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Proclaiming Death and Life

Remembering Mortality & Eternity

For those of us on the “Western” calendar, the Lenten season has passed. We are now in the joyful throes of Easter, to be followed shortly by our Orthodox friends.

Roman Catholics and Protestants of various stripes begin Lent on Ash Wednesday, gathering for a service of contrition and repentance, often including the “imposition of ashes” – the application of ashes in the sign of the cross on the forehead. The Scriptures frequently refer to ashes as a sign of repentance for sin or mourning (Esther 4:3, Job 42:5-6, Jonah 3:4-6, Ezekiel 9:4, etc.), and while the Lenten ashes are ashes of mourning over sin, they are also “hopeful ashes,” made in the sign of the Christ’s cross, our only hope.

The passage in Ezekiel is particularly interesting: “And the Lord said to him, ‘Pass through the city, through Jerusalem, and put a mark on the foreheads of the men who sigh and groan over all the abominations that are committed in it.’” The Hebrew word for “mark” is “tav” (transliterated, anyway) and, significantly, it was written as a sort of cross-shaped letter, leading Tertullian to remark that God had given to Ezekiel “the very form of the cross.”

I experienced the pastoral act of applying ashes for the first time this Ash Wednesday, pressing my thumb into the soft mixture of burnt palm branches and oil, looking into the eyes of our parishioners and uttering the reminder: “From dust you were made, and to dust you shall return.”

One by one, I remind our congregation of their mortality, remind them that one day they will die. Their bodies will be placed in the ground, but in forming the cross I remind them of the hope of Christ. The procession began with an elder in our church, a godly father and grandfather. It continues with young couples, middle agers, teenagers, and others in between.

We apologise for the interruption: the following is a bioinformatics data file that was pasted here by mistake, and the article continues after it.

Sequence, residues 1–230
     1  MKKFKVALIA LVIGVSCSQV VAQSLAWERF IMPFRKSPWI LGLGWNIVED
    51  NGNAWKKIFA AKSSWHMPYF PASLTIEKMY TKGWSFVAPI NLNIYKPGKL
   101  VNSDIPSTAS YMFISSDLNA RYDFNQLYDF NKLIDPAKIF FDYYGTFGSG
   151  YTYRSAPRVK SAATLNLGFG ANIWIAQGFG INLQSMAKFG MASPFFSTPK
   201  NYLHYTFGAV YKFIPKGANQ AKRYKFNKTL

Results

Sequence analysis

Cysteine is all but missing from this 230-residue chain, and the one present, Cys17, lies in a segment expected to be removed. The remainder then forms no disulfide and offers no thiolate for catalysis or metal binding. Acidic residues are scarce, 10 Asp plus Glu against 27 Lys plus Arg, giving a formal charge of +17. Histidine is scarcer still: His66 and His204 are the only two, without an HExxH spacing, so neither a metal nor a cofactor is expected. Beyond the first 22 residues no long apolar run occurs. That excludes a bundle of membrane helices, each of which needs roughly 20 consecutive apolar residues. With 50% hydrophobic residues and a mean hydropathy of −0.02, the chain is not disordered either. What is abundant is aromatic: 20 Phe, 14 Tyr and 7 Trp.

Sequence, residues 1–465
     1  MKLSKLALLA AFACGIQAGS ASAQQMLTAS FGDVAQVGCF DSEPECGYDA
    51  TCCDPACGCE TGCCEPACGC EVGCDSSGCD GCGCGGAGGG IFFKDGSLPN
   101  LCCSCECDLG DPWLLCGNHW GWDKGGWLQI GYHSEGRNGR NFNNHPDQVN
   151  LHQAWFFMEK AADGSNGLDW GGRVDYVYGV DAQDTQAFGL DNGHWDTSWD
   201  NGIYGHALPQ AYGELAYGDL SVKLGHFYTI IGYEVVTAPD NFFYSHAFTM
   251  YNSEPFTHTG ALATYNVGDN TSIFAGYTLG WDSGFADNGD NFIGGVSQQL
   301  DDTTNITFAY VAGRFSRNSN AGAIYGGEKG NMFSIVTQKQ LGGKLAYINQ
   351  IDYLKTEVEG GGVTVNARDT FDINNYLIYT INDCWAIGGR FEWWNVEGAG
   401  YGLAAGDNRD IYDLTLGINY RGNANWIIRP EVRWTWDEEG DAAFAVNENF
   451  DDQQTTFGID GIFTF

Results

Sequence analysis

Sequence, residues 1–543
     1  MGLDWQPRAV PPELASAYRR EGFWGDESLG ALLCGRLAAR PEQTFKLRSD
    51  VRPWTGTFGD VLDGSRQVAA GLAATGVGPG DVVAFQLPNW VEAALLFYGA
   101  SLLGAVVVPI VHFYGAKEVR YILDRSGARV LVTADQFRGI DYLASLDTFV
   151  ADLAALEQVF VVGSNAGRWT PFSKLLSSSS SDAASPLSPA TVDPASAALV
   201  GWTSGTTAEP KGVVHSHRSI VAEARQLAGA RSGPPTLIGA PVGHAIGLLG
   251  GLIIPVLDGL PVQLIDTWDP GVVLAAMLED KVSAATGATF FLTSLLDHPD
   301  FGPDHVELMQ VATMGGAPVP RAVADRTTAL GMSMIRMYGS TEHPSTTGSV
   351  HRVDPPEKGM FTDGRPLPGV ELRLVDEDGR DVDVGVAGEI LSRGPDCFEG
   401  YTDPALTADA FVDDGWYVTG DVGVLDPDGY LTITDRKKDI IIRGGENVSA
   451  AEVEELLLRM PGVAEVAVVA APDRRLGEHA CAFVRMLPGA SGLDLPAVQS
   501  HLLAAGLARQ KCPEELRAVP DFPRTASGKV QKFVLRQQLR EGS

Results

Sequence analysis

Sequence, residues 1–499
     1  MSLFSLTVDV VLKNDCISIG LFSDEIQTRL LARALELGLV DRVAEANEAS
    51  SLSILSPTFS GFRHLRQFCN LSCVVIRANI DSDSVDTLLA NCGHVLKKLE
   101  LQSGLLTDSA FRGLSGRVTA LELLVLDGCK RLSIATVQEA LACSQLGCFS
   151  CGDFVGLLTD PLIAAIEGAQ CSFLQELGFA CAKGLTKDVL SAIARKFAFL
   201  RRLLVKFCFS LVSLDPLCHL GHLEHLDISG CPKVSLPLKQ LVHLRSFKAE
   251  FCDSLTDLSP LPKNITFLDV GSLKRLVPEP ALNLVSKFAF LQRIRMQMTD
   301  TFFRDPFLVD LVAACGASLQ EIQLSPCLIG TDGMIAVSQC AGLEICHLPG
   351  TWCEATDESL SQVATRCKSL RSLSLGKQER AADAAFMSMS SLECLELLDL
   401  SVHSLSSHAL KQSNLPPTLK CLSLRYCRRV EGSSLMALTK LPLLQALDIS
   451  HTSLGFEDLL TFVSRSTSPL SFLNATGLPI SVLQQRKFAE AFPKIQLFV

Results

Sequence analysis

Then, one of the most surreal, heartrending encounters of my life. My own family stepped forward, my children and my wife – our youngest in her arms. My throat constricted and my voice caught.

My seven-year-old son, Ian – “From dust you were made, and to dust you shall return.”

Five-year-old Asher – “From dust you were made, and to dust you shall return.”

Temperance, our firstborn, moved forward with tears in her eyes – “From dust you were made, and to dust you shall return.”

I look my own bride in the eyes and utter the same – “From dust you were made, and to dust you shall return.”

Then, reaching aside, I push back the hair from our littlest one’s forehead, her bright smile meeting me, and I proclaim the unthinkable truth – “Ellie, from dust you were made, and to dust you shall return.”

As their pastor, and their father, I proclaim both death and life to them.

Ash Wednesday stands as one day on which we are brought to remember what we would just as soon forget. And while, as a man, I would often prefer to forget my own mortality and, as a father, I would prefer to forget the mortality of my wife and children, I dare not do so.

Pastors, parents, and teachers stand before eternal souls – souls that will last forever – to proclaim to them both the reality of death and the hope of eternal life. Sobering as the task may be, our hands and hearts must set to it with “bright sadness” – the joy of dying to self in the hope of eternal life, the cross in the midst of ashes.

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